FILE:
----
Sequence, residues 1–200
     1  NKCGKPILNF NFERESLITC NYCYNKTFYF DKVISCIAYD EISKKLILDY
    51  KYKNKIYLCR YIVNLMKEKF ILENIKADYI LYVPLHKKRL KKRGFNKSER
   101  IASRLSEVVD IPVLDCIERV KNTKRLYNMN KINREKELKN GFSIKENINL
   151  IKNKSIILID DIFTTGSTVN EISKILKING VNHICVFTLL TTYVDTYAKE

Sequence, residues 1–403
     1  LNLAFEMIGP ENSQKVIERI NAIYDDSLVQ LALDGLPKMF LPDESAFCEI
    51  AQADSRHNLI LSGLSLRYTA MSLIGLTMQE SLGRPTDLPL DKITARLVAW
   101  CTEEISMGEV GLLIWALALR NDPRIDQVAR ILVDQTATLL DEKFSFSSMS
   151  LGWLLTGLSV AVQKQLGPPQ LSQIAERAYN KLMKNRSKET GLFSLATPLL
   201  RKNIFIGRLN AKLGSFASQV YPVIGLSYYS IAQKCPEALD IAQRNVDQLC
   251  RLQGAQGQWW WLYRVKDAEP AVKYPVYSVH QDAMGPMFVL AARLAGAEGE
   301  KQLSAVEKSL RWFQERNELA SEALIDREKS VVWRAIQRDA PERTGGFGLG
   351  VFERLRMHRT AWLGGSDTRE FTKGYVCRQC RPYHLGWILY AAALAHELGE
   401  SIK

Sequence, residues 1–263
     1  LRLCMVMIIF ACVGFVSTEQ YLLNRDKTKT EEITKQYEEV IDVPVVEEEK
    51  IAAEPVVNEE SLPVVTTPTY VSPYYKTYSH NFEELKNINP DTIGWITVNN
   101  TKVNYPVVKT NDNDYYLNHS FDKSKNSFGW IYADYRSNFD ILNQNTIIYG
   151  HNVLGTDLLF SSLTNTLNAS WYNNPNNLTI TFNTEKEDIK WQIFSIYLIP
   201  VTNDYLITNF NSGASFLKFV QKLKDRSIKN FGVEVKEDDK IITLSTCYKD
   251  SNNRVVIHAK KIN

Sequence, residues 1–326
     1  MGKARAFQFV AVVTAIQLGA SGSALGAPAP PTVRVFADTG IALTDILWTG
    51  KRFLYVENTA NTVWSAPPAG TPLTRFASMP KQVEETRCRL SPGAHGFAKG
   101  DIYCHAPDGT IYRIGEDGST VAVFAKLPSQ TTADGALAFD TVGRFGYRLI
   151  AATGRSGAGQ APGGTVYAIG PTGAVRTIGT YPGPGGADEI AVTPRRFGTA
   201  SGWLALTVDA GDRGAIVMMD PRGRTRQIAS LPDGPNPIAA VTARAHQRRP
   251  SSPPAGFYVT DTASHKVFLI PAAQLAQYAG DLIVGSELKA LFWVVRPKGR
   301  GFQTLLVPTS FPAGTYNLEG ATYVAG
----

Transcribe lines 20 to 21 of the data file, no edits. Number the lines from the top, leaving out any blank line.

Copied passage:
   151  HNVLGTDLLF SSLTNTLNAS WYNNPNNLTI TFNTEKEDIK WQIFSIYLIP
   201  VTNDYLITNF NSGASFLKFV QKLKDRSIKN FGVEVKEDDK IITLSTCYKD